Morphometric characterization of synapses in the primate prefrontal cortex formed by afferents from the mediodorsal thalamic nucleus

L. Negyessy, P. S. Goldman-Rakic

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Abstract

The main thalamic afferentation of the prefrontal cortex (PFC) originates in the mediodorsal nucleus (MD). Although it is suggested that this pathway is affected in schizophrenia, there is a lack of functional and structural data regarding its synaptic organization. The scope of this study was to characterize the ultrastructural features of thalamocortical synapses formed by afferents from the MD by applying anterograde tract tracing, immunohistochemical detection of parvalbumin (PV, a probable marker of thalamocortical endings), and quantitative electron microscopic techniques to the PFC of the macaque monkey. Our findings indicate that anterogradely-labeled and PV-immunoreactive boutons exhibit similar ultrastructural properties, characterized by their larger size, higher incidence of release sites and a higher occurrence of mitochondria when compared to non-labeled, excitatory-like endings in the middle layers of the PFC. Although most of the contacts were made on spines in both cases, PV-immunopositive axon terminals apparently targeted dendritic shafts at about twice the frequency found for anterogradely-labeled afferents from the MD (20.5% and 9.5%, respectively). This result suggests diversity among thalamocortical and/or PV-immunoreactive axon terminals of the PFC. In accordance with studies in other cortical areas, our findings suggest that corollary discharge through the mediodorsal thalamocortical projection is also adapted to synaptic transmission with high efficacy and probably exhibits marked short-term temporal dynamics in the PFC.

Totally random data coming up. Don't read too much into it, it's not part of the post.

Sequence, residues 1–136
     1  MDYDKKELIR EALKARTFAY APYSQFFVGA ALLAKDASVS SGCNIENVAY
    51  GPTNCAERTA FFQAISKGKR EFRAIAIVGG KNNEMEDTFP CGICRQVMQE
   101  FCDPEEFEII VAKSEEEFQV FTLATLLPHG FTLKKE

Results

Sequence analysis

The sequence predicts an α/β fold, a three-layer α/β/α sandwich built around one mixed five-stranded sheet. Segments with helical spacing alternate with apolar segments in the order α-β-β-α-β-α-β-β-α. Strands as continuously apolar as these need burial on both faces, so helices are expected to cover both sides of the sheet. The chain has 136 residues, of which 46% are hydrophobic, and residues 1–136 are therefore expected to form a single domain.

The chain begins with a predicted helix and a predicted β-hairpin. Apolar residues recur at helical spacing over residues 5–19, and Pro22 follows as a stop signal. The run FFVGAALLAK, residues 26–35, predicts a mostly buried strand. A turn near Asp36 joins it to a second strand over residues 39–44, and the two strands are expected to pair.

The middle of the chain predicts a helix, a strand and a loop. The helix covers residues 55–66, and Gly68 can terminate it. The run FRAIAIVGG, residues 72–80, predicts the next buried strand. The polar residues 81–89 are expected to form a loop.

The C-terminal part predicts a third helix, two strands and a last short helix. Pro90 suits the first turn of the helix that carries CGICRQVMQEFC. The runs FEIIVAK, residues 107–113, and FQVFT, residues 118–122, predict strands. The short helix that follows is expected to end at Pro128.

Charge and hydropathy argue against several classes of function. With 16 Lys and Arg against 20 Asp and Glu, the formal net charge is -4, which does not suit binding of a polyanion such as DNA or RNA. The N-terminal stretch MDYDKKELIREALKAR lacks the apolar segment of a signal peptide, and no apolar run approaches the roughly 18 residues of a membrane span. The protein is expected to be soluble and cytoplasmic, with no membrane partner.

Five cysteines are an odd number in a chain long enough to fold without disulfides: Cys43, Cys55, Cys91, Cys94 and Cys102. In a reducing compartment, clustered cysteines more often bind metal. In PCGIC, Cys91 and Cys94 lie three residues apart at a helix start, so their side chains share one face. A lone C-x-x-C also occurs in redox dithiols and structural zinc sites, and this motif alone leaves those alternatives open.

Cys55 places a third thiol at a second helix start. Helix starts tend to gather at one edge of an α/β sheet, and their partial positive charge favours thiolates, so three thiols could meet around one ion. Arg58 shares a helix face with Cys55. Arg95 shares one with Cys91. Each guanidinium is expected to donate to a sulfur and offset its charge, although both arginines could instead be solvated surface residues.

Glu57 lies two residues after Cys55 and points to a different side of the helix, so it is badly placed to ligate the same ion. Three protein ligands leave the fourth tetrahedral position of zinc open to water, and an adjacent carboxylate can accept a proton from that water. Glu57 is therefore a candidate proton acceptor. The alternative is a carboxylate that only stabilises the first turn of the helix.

Original languageEnglish
Pages (from-to)148-154
Number of pages7
JournalExperimental brain research
Volume164
Issue number2
DOIs
Publication statusPublished - Jul 1 2005

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Keywords

  • Electron microscopy
  • Parvalbumin
  • Synaptic morphology
  • Thalamocortical
  • Tract tracing

ASJC Scopus subject areas

  • Neuroscience(all)

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